The premature, multifaceted tragedy of Miller’s death by apparent overdose last week thrust a myriad of vital conversations to the fore, including candid reflection on addiction and depression. But his loss also continues to resonate deeply because, at just 26 years old, Miller wasn’t in his prime when he died. Rather, it was never clear just how much more he had to offer until he was gone. Miller’s potential wasn’t a question — it was a promise.
Miller’s concentrated progression over his decade-long career — spanning five studio albums, a dozen mixtapes, and a handful of EPs, guest spots, and live albums — tracked the kind of evolution some artists spend their entire careers chasing. From his teenage beginnings up to his untimely passing, Miller grew into a multi-talented musician. The guy who made his name in frat rap and feuded with the now-president of the United States over a party track called “Donald Trump” is the same guy who became a widely beloved rapper, singer, and producer with a deep musical bench.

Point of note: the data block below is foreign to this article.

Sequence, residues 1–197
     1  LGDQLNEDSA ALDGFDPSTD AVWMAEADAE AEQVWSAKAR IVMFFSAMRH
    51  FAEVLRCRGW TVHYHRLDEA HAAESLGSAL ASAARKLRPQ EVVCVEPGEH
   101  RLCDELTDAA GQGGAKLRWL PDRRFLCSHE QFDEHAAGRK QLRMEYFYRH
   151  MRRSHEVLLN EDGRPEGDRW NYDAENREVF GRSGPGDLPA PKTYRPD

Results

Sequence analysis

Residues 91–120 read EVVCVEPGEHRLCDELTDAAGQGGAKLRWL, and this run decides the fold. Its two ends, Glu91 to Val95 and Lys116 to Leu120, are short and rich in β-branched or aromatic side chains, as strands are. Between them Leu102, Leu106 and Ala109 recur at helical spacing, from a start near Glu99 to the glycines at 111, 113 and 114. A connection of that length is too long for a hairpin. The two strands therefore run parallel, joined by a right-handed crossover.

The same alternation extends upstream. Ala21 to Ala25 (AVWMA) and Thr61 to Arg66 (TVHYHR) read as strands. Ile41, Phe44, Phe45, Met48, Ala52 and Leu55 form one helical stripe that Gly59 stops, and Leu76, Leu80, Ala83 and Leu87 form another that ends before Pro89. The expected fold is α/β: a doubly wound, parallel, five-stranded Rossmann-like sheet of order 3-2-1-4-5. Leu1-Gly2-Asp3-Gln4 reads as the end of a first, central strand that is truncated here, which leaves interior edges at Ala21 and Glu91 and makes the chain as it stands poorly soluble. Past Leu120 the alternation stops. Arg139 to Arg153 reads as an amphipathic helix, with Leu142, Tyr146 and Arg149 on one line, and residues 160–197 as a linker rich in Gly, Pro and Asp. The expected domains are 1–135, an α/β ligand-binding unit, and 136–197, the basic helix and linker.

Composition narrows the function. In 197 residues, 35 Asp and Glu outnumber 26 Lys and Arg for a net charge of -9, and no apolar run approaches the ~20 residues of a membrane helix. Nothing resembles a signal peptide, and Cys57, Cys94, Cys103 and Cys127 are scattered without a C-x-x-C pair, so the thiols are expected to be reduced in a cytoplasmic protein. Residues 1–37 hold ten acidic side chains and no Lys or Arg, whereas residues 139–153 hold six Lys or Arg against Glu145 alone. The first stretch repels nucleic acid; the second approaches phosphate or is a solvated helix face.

Miller was a dedicated student of his craft. He dabbled in different styles of rap, from tongue-twisting East Coast (“Watching Movies,” “Jump”) to drawling Southern (“Brand Name,” Cinderella”). He experimented with delivery, letting his bars bleed into cracked, emotionally-driven singing (“ROS,” “Self Care”). He welcomed artists from across the pop, hip-hop, and R&B spectrum to collaborate on his records (“My Favorite Part,” “Red Dot Music”). He became increasingly complex with his production, layering funk, jazz, and soul elements into his sound (“Dang!,” “Objects In The Mirror,” “Weekend”). And he was a candid and seemingly boundless lyricist, writing about everything from money and fame, to love and sex, to addiction and loss with a clever, self-aware sensibility.
We’ve traced Miller’s career in a time capsule playlist featuring some of his most essential works, from his early mixtape and Soundcloud days to becoming an artist with the world at his fingertips.